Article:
Ashley Farmer is the author of three books: The Women, The Farmacist (named by Roxane Gay as a “2016 book you should check out”) and Beside Myself (one of Buzzfeed’s “Highly Anticipated Books from Small Presses”). Her work can be found in places like Flaunt, Nerve, Santa Monica Review, Faultline, Gigantic, The Progressive, The Collagist, and elsewhere. A former editor at Atomica Magazine and Salt Hill Journal, she currently serves as an editor for Juked. Ashley lives in Salt Lake City with her husband, writer Ryan Ridge.

Suzanne Greenberg’s novel Lesson Plans was chosen as a Library Journal Editor’s Pick. Her collection, Speed-Walk and Other Stories, won the Drue Heinz Literature Prize. Most recently, her fiction has appeared in LA Fiction Anthology, Mississippi Review and West Branch. She teaches creative writing at California State University, Long Beach, where she’s a professor of English. For more information, visit her website, suzannegreenberg.com.

Judith Grossman is the author of Her Own Terms, a novel, and How Aliens Think, stories. She is a retired teacher and caregiver, resident of Massachusetts but always nostalgic for SoCal. Her fiction and essays have appeared in Santa Monica Review, Ploughshares, Yale Review, Georgia Review, and elsewhere.

Nathalie Kramer was born in Paris and grew up in France and California. Her stories have been Finalist in Glimmer Train’s New Writers Award and short-listed for the Disquiet Literary Prize. She recently won a Fellowship with Writing by Writers and published her story “Neige” in Faultline Journal of Arts and Letters.

Brendan Park is a graduate of the MFA program in Fiction at University of California, Irvine. His short fiction has been published in Fairy Tale Review, previously in Santa Monica Review, and The Masters Review, and his nonfiction has been featured in the Random House anthology Twentysomething Essays by Twentysomething Writers. He lives in Irvine, California, where he teaches writing.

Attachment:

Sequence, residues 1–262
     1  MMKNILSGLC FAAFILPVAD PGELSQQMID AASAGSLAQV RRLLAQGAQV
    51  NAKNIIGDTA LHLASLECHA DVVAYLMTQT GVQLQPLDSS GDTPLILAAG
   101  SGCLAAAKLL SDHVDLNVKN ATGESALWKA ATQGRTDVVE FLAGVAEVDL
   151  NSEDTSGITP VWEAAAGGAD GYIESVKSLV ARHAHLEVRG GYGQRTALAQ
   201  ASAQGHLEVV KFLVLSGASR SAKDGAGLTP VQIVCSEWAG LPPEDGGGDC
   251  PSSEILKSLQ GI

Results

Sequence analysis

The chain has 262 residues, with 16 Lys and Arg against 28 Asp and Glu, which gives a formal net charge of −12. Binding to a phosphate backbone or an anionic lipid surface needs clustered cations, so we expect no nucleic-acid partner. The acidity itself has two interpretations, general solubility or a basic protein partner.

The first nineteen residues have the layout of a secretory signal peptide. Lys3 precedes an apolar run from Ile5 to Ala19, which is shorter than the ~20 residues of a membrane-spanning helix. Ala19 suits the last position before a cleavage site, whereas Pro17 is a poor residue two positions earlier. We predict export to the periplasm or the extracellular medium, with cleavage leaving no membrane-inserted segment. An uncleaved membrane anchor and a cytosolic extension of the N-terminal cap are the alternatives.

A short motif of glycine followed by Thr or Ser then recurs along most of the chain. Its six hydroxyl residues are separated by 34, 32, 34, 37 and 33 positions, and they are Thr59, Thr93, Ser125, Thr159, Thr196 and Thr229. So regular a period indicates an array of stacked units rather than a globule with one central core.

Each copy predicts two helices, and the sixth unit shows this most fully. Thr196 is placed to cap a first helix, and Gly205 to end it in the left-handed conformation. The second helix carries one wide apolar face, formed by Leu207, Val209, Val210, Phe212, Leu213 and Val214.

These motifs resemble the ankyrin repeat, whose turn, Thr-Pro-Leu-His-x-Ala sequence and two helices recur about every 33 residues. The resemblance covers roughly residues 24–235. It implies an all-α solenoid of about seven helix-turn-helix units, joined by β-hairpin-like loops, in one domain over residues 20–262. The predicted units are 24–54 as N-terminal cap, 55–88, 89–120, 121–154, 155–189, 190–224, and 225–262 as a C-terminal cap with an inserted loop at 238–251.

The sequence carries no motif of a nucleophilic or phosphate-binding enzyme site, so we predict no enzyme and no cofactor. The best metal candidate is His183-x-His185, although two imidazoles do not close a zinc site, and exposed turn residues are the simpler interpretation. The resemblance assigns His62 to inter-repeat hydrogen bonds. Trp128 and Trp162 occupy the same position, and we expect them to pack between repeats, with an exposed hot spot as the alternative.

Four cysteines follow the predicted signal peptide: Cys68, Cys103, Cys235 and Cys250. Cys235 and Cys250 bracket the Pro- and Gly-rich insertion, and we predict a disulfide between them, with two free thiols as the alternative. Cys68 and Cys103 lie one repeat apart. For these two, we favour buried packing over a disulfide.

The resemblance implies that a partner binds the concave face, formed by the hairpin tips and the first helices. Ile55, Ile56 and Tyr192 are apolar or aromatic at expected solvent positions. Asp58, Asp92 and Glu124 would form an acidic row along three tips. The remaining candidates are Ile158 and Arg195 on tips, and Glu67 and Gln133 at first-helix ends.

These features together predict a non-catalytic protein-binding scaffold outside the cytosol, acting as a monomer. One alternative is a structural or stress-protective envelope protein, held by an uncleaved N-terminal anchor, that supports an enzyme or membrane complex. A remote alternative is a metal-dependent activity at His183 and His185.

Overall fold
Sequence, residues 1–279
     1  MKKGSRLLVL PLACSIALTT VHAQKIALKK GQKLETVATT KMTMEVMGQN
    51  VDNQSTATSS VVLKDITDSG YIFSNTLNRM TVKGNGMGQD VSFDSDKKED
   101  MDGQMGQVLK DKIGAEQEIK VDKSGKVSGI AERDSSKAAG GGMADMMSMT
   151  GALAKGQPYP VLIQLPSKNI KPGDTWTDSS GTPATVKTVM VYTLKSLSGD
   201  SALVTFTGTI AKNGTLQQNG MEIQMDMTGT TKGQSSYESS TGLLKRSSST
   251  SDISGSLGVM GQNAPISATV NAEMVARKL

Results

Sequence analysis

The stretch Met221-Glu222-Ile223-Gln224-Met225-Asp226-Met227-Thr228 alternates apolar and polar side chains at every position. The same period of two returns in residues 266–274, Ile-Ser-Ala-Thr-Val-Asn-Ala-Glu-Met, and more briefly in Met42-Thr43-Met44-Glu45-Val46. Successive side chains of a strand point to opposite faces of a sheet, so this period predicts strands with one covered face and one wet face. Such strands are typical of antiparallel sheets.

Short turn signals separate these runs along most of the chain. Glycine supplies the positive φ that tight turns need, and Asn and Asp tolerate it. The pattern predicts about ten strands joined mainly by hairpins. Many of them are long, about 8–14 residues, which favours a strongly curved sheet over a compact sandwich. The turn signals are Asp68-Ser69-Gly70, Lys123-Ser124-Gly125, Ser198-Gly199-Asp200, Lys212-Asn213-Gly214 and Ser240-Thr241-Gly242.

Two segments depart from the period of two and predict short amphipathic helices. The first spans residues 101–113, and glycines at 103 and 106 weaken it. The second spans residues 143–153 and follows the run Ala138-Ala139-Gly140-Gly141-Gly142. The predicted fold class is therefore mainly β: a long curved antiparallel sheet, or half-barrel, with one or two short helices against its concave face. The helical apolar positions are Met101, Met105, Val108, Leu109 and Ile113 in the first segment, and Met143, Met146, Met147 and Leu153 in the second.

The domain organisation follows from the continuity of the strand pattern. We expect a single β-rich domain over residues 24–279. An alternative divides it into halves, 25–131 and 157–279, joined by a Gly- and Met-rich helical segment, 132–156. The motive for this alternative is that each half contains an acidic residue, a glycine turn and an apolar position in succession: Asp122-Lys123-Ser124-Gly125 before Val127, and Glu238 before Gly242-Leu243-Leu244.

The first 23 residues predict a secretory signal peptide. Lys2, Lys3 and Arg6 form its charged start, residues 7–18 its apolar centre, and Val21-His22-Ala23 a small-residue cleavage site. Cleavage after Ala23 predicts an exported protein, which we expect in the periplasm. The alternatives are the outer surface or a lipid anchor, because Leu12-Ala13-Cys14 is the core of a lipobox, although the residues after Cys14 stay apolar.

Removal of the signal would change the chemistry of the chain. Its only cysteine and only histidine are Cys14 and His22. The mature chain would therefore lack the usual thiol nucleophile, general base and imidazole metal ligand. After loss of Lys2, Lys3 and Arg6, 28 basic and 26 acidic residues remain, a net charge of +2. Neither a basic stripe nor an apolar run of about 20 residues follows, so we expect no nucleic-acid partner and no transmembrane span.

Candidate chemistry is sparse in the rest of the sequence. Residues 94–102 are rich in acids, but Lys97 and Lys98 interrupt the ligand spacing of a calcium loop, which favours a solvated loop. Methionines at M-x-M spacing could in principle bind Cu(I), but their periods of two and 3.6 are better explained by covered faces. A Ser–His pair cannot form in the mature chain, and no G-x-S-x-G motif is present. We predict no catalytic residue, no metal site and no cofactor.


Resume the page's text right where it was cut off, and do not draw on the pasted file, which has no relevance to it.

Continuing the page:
Ryan Ridge is the author of four books, including American Homes (University of Michigan Press, 2015), which was the Michigan Library Publishing Club’s inaugural book club pick. His fiction and essays have appeared in Santa Monica Review, Mississippi Review, Potomac Review, Los Angeles Review, Lumina, NERVE, DIAGRAM, Passages North, Salt Hill, and elsewhere. Ridge received the 2016 Italo Calvino Prize in Fabulist Fiction judged by Jonathan Lethem. An assistant professor at Weber State University, he edits the literary magazine Juked and lives in Salt Lake City, Utah. He is married to writer Ashley Farmer.

Ryan Shoemaker’s fiction and nonfiction have appeared in Gulf Stream, Santa Monica Review, Booth, Word Riot, and The Fiction Desk (UK), among others. Recently, his story collection Beyond the Lights was a semifinalist for the St. Lawrence Book Award. The collection is forthcoming from No Record Press. Ryan lives in Burbank, California.

Gregory Spatz’s most recent book publications are the novel Inukshuk and short story collection Half as Happy. His short stories have appeared in the The New England Review, Glimmer Train Stories, Kenyon Review, Epoch, The New Yorker, and elsewhere. Recipient of a 2012 NEA Literature Fellowship, he teaches in and directs the MFA program at Eastern Washington University.

Andrew Tonkovich edits Santa Monica Review and hosts Bibliocracy Radio, a weekly books show on KPFK (90.7 FM in Southern California) and available as a podcast. Recent guests have included short story writers Melissa Yancy and Don Waters, poet Paul J. Willis and media critic Brooke Gladstone. He teaches writing at UC Irvine, and co-edited with Lisa Alvarez the first-ever anthology of literary Orange County.

James Warner’s stories have appeared most recently in Smokelong Quarterly, Crimespree Magazine, and Lady Churchill’s Rosebud Wristlet. He is also the author of the novel All Her Father’s Guns, from Numina Press. “Bellacqua, or the Establishment,” is part of a series of stories starring darkly alienated, angst-ridden detectives who also happen to be cats.

Richard Wirick is the author of the novel The Devil’s Water (Macmillan 2013), as well as two collections of short fiction, Kicking In (Counterpoint 2010) and One Hundred Siberian Postcards (Macmillan 2007). The latter was a London Times Notable Book for 2007 and was nominated for the PEN/ Bingham Prize for best first work by an American author. His book of essays, Hat of Candles, is forthcoming in 2017.